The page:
That’s all changing due to an oversupply of lawyers, technology, globalization, and a reboot of the buy/sell dynamic resulting from the global financial crisis. Clients—not lawyers– now determine what requires a lawyer. They increasingly view ‘legal’ matters as business challenges that raise legal issues. And in a disaggregated legal marketplace that is rapidly moving down the road to digitization, the ‘bespoke’ myth has become as antiquated as the ‘for services rendered’ invoice.
The price of differentiated legal services will continue to rise, but that is a shrinking piece of the pie. Clients recognize they no longer need to pay premium pricing for all tasks once considered ‘legal.’ In a disaggregated marketplace, legal consumers will pay a premium practice for ‘practice’ exceptionalism but not for legal delivery. Put another way, legal practice is shrinking and legal delivery is expanding. A handful of elite corporate (in-house) legal departments and providers are forging new delivery models. These providers have corporate structures, with performance and reward systems geared to output—results and performance. Their culture is diverse in the truest sense of the term, and their DNA resembles business, not traditional law firms. Their workforce is comprised of lawyers, other professionals, paraprofessionals, and machines. Their modus operandi is to pair the appropriate resource to the task.
The incumbent legal delivery structure is another price escalator. The traditional law firm partnership model maximizes profit-per-partner (PPP) by labor intensity-lots of hours billed, high rates based on the ‘bespoke’ and ‘no one else can do it’ myths, and a pyramidal structure. In the law firm partnership model, stakeholders whack up profits every year—in contrast to corporate structures where residual equity in the organization and an alignment with its longer-term success encourage stakeholder (re) investment in tools that enhance delivery and competitiveness. Older law firm partners have little financial incentive to leave money on the table to invest in the firm’s future, and this financial misalignment with younger partners exacerbates a generational divide and discourages true innovation. Law firms have recently engaged in relentless internal cost-cutting that includes ‘de-equitization’ of underperforming partners, lawyer and staff layoffs, and reduction of overhead to offset flat or declining customer demand and prop up PPP. But these measures do not address core structural issues that are causing consumers to turn to other options. Nor, ironically, is cost alone the reason consumers are migrating work in-house or to providers that operate from a corporate structure and embrace digitization.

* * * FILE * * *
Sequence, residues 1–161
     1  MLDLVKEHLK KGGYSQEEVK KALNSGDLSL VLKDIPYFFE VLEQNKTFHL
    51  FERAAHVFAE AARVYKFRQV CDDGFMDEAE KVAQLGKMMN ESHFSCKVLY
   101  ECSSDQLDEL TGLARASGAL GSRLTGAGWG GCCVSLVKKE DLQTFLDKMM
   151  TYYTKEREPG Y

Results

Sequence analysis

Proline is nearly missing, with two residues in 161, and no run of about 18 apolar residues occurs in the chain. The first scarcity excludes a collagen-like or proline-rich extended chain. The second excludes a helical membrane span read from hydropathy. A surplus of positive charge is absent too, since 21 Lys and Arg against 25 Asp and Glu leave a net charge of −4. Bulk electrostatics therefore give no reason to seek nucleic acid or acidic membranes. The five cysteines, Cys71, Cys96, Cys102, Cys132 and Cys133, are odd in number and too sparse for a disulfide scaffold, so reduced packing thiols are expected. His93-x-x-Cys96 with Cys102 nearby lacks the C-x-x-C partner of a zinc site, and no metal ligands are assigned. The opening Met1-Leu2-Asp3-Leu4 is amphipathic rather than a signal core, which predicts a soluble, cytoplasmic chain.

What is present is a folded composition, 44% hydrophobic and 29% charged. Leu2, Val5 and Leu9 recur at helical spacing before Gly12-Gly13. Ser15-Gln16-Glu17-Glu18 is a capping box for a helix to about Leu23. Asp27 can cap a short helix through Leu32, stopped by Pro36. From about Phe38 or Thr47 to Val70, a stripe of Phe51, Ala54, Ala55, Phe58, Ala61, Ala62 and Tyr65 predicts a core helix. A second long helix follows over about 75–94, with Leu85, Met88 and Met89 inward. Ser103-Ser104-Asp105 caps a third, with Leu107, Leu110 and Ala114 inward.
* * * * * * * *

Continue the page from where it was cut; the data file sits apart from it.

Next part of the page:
Traditional legal performance and reward systems are misaligned with consumer expectations. Lawyers are measured by input—hours and business origination. Today’s business climate—law included—focuses on output—results and value (achievement of client objective relative to cost). Most lawyers have an ethos and reward system that values all tasks and client matters equally. That’s different than the client perspective that assigns different values to legal assistance. This helps explain law’s resistance to technology and process. It also accounts for the high cost of legal services and why legal consumers and the millions of unserved in need of legal services believe that lawyers are not worth what they charge. Lawyers and legal regulators (in the U.S.) are resistant to deploying tools and embracing resources that will reduce cost and make their services available to a wider audience. They are unwilling to change the structure–and culture–they are accustomed to. Such was the case with physicians decades ago; doctors are now part of a healthcare industry that is well down the digitization path. They ‘practice’ medicine but not in the same way as when they were also responsible for delivering medical services.
Lawyers are experiencing a consumer and technology-driven transformation of their industry, a metamorphosis that has already occurred in medicine and other knowledge-based professional industries. The ‘practice’ of law is narrowing as consumers realize that relatively few ‘legal’ tasks require differentiated expertise, judgment, and skills. This will have significant economic consequences within the legal industry. It means that many lawyers will no longer be working from the traditional law firm structure and its price escalators. Instead, many will soon be working in corporate environments, collaborating with other professionals, paraprofessionals, and machines. They will be charged with compressing delivery cycles, streamlining efficiency, reducing cost, working within budgets, identifying products to replace services, and automating. They will be rewarded by achievement of these metrics, not by hours billed. Many will migrate to public interest and new provider positions where their ‘practice’ skills will be melded with a suite of operational ones. Many lawyers will function differently—and from different delivery models—than they do now.
This will inure to the benefit of legal consumers. And most importantly, law will correct its distribution problem and provide accessible, efficient, and affordable services to the tens of millions of individuals and small businesses in need of it. This will be good for society and for the rule of law. Without the rule of law, lawyers would be out of business and of little worth to anyone.